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Tuesday, April 15, 2008


A post-war taxonomy. The NATO Codification System is a means of classifying practical any object imaginable, with a view to easing the complex chain of military logistics between the member states of NATO, 'based on a "One Item of Supply, One NATO Stock Number" concept'. The artist Suzanne Treister has used NATO Supply Classification in her work: 'Within the codification system the NATO Supply Classification (NSC) uses a four-digit coding structure. The first two digits of the code number identify the Group, eg. Group 77 - Musical Instruments, Phonographs, and Home-Type Radios, whilst the last two digits of the code number identify the Classes within the Group, eg. 7710 - Musical Instruments (complete).' See samples above: (NSC) 8830 (Boogie Woogie shoes), (NSC) 9915 (St Edward's Crown), and (NSC) 7730 (Volga Russian Tube Electrophone, 1967)). Treister is soon to publish her work in a book from Black Dog Publishers.

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Elsewhere, our fears eventually become our fetishes. See the forthcoming re-print of the 1963 Civil Defence Handbook number 10 by V and A Publications, which turns the potential horrors of post-nuclear Britain into a cosily retro object combining nostaglia with design fetishism. Handbook number 10, 'Advising the Householder on Protection Against Nuclear Attack', at least contained a few crumbs of comfort and optimism, a spirited, plucky response that evoked the Home Guard of WWII. Gradually, the concept of Civil Defence evaporated, and the leaflet that followed, the infamous 'Protect and Survive', in both leaflet and film form, painted a far bleaker picture, as evinced by the cultural reaction. More information at the excellent Protect and Survive Archive of UK Civil Defence Material. See too this essay at Subterranea Britannica, 'Struggle for Survival: Governing Britain after the Bomb, which charts the evolution of the official approach From Civil Defence to Emergency Planning. Survival was the name of the game. The Americans had a similar shift from the naive futility of early films like Duck and Cover to a more gung-ho, survivalist approach, spawning a whole genre which thrives on the internet (e.g. the Best Prices Storable Foods store).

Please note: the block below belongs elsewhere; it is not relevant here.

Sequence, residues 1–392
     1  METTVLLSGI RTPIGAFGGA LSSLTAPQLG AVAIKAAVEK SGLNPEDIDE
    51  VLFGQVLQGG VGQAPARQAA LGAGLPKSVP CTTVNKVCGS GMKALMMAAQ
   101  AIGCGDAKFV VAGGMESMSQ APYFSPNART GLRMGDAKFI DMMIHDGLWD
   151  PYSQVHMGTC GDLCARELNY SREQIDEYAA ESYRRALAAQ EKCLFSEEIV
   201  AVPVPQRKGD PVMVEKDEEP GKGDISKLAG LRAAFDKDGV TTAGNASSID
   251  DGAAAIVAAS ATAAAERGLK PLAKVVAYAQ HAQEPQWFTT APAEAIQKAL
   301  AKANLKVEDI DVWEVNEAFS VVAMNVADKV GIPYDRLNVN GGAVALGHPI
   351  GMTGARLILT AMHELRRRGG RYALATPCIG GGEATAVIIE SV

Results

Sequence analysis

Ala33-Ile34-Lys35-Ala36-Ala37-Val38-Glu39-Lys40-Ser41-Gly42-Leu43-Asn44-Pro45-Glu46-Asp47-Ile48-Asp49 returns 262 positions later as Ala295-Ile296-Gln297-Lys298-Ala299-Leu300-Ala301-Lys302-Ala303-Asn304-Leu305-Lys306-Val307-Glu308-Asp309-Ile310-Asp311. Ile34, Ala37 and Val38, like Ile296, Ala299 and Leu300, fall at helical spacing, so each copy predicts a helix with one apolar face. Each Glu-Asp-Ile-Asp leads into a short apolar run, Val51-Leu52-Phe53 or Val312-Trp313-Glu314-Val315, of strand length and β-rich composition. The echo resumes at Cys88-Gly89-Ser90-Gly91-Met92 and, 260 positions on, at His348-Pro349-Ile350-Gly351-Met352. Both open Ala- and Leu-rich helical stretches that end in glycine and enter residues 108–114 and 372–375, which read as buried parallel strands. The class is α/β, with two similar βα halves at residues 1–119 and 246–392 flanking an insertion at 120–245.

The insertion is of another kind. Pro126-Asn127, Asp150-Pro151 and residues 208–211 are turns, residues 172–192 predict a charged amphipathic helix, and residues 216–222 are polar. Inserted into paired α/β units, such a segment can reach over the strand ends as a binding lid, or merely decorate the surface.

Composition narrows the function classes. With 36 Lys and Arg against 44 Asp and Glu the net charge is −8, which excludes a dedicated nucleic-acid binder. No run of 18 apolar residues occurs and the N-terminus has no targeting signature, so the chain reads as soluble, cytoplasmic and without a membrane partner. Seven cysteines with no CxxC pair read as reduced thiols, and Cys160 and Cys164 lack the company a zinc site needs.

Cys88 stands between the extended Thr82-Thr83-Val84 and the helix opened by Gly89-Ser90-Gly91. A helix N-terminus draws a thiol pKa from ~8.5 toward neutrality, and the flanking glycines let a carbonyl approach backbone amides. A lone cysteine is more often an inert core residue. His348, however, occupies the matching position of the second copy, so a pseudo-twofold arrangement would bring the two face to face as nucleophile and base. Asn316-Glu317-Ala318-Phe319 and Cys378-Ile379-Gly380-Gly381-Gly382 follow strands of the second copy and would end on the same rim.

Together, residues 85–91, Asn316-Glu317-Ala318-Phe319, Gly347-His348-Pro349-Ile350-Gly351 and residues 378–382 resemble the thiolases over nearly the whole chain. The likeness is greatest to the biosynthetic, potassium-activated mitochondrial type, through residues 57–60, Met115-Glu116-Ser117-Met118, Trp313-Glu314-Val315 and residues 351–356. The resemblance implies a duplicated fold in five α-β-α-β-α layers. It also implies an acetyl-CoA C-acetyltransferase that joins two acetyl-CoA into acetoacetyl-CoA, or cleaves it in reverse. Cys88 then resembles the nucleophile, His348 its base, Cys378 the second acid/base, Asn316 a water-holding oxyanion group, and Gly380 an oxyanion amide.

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Beatle Money, an economic history of the Beatles: 'Reliant Shirt Corporation paid $25,000 for the exclusive rights to make and produce Beatle T-shirts in 3 factories that they had purchased just for the purpose of making the shirts. In 3 days they sold 1 million shirts.' / Bon Ton, an mp3 blog / underground Greenwich at the Greenwich Phantom. See also the Greenwich Industrial Society. Related: 'A pensioner who created a labyrinth of tunnels under his house over 40 years has been forced to pay 300,000 for repairs carried out by a council.' We would love to see a survey of those tunnels / Warped Reality, an mp3 blog / Lost City in the Woods, a post at the Architect's Newspaper featuring the photography of Christopher Payne.

'Russia builds luxury Agalarov Estate', a concentrated district of architectural follies and residential extravagances: 'Scottish baronial mansions, grand Mediterranean-style villas and vast, neo-Gothic castles'. The developers are Crocus City, and it doesn't look good. Check the Crocus City Mall ('Shopping as an art form'), sporting as lumpen a pediment as it's possible to create. More at the Guardian. Such developments are handy for feature writers who want to decry the ongoing dominance of authoritarian kitsch, as well as containing the people who demand it within a gated and security-protected space. But little else.

Hauntology, or the confluence of the past with the present through the spectral and ephemeral image of the ghost, is a term coined by Derrida, an idea that 'suggests that the present exists only with respect to the past'. It seemed briefly fashionable, then was rapidly discarded (only 16,600 google hits) as the past ceased to be a phantom but a throbbing, living thing, thrust in our faces every day as 'inspiration'. The original concept probably underestimated visual culture's inexorable extension and ability to shape-shift and insinuate it across all other cultural forms. Influence is everything, and the past is no longer ghostly, but a living, breathing presence. (originally found via the promising but apparently abandoned dismantled king is off the throne).

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